The Rape of Petty Officer Blumer

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Blumer's rape examination at Fort Gordon's Dwight D. Eisenhower hospital, con­ducted at her insistence, took six hours. Most of that time she sat huddled in a white gown, waiting for the technicians and doctor to arrive. Blumer wept with her swollen face in her hands. "I think you need a hug right now," a nurse told her, and Blumer gratefully accepted. Her whole body was in pain; she was in discomfort from an anal tear that would soon send her back to the hospital. And she was anxious over the delay, knowing there was a short window to preserve any evidence. The nurse echoed her concern: "The faster we can get the specimens, the faster it can be tested," she told Blumer. "Where are they?" When Blumer finally limped out of the hospital, it was with medications to prevent pregnancy and STDs that would leave her shaky and nauseated, and clutching a flier given to her by a base victim advocate. ZERO TOLERANCE FOR SEXUAL ASSAULT, it read. SEXUAL ASSAULT IS A CRIME.

After three days of medical leave, ­Blumer headed back to work. On her way to morning muster she was stopped by a sailor she barely knew, who told her, "I overheard some people talking. They said you made up a rape to get out of a DUI?" Within her intel office – surrounded by people with whom she regularly socialized at happy hours and trivia nights at local bars – Blumer had already become a social leper. Behind her back, colleagues whispered she'd taken part in a drunken orgy and was crying rape to redeem herself.

"Everyone was laughing about it. People were saying she was a stupid whore, that she did something stupid, so she was trying to make up any excuse to get out of it," remembers former Petty Officer 3rd Class Harry William Clarke III, one of the few Fort Gordon friends who stood by Blumer. "She was a really good friend and a good colleague. But how people were treating her, it put a fucking stigma on her." And not just at Fort Gordon but throughout the close-knit intel community, whose phones were lighting up across the country. "Literally, the day she went back to work, we heard about it here," says former Petty Officer 3rd Class Jennifer Kinnaird-­Estrada, a linguist stationed at Blumer's previous command in San Antonio. "They were like, 'She's such a ho here, was she like that there?' Even the linguists in Maryland were calling us" – although Blumer had never been stationed there. "We were defending her here, but in Georgia they were all pointing fingers at her."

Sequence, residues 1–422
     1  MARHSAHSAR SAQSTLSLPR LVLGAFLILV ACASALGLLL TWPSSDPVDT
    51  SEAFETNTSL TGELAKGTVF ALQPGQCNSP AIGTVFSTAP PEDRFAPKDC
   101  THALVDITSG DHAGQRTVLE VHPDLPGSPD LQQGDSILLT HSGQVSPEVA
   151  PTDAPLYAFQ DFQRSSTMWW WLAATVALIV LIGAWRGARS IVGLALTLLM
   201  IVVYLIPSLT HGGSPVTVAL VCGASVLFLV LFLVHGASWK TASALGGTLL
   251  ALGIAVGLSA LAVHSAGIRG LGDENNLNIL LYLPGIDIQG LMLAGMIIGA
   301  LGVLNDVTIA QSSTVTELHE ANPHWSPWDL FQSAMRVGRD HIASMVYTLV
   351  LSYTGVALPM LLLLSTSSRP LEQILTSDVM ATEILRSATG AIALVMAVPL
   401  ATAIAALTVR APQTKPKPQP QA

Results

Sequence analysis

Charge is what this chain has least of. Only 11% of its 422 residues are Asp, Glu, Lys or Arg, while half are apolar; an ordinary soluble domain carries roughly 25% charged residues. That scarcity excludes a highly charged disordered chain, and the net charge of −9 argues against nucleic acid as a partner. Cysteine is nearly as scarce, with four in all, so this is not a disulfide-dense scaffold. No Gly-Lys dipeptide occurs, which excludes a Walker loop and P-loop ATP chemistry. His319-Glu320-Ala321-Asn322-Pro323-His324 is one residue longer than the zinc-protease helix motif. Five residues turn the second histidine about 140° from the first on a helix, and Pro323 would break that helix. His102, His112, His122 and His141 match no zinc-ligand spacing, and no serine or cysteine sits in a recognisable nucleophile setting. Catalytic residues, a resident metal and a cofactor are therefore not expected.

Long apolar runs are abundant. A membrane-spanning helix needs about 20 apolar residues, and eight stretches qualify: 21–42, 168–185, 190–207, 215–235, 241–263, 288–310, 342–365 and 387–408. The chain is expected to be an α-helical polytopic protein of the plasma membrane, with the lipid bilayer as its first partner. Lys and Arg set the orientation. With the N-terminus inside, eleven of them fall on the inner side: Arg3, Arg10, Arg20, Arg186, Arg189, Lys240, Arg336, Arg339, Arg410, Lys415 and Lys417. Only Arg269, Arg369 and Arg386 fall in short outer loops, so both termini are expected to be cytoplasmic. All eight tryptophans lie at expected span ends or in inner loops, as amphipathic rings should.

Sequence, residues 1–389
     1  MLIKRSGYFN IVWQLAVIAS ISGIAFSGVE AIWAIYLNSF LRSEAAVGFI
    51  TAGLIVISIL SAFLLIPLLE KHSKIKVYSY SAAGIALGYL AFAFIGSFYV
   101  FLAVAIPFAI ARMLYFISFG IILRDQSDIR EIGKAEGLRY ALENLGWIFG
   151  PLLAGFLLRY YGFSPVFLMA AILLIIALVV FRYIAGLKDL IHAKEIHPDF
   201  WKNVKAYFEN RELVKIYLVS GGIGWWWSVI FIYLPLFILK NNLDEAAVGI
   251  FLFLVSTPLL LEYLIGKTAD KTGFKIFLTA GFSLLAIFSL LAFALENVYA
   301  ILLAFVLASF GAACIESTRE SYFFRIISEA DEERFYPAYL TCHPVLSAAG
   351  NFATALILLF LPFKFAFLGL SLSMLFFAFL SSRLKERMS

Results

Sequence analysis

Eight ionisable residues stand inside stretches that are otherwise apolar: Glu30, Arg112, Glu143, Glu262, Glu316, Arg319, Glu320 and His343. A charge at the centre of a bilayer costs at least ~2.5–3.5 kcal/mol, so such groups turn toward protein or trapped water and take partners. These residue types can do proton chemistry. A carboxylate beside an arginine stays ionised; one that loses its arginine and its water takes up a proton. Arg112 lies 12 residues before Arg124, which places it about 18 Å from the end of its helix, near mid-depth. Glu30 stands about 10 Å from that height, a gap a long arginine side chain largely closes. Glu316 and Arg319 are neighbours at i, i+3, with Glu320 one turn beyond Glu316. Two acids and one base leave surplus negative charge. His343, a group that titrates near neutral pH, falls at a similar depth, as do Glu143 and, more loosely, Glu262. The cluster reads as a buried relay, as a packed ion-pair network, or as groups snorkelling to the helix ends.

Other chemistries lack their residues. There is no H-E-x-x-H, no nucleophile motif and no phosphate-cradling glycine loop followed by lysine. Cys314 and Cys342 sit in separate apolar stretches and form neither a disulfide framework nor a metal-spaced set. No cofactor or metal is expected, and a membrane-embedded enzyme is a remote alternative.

When Blumer, an open, bubbly young woman from Bakersfield, California, had enlisted five years earlier, her veteran stepdad had assured her, "They'll take care of you," and the devotion had been mutual. She loved the rigor and traditions of military life, buoyed by the feeling of being a part of something vast, historic and important. She'd risen quickly through the ranks to E-5, and at 23 had already traveled to the Mediterranean and the Persian Gulf, with a reputation as an IT whiz who was often entrusted with work above her pay grade. "She was a model sailor," says former Petty Officer 1st Class Josh Gharst, who worked with Blumer for a time at Fort Gordon. "Several departmental leaders took a shine to her. They valued her."

Four years in, Blumer had already made up her mind that this would be her life's work. In 2008, she'd re-enlisted for another six years, and at the time of her rape report had just submitted an application, with her superiors' support, to join the officer corps, which would provide a college education and set her on the path to military leadership. Blumer had always considered herself well liked and respected, and couldn't believe anyone would doubt her word. She'd always done everything by the book. "If I was in the wrong, I would have taken the punishment," she says. Instead, "the people I considered friends were ignoring me. They were judging me."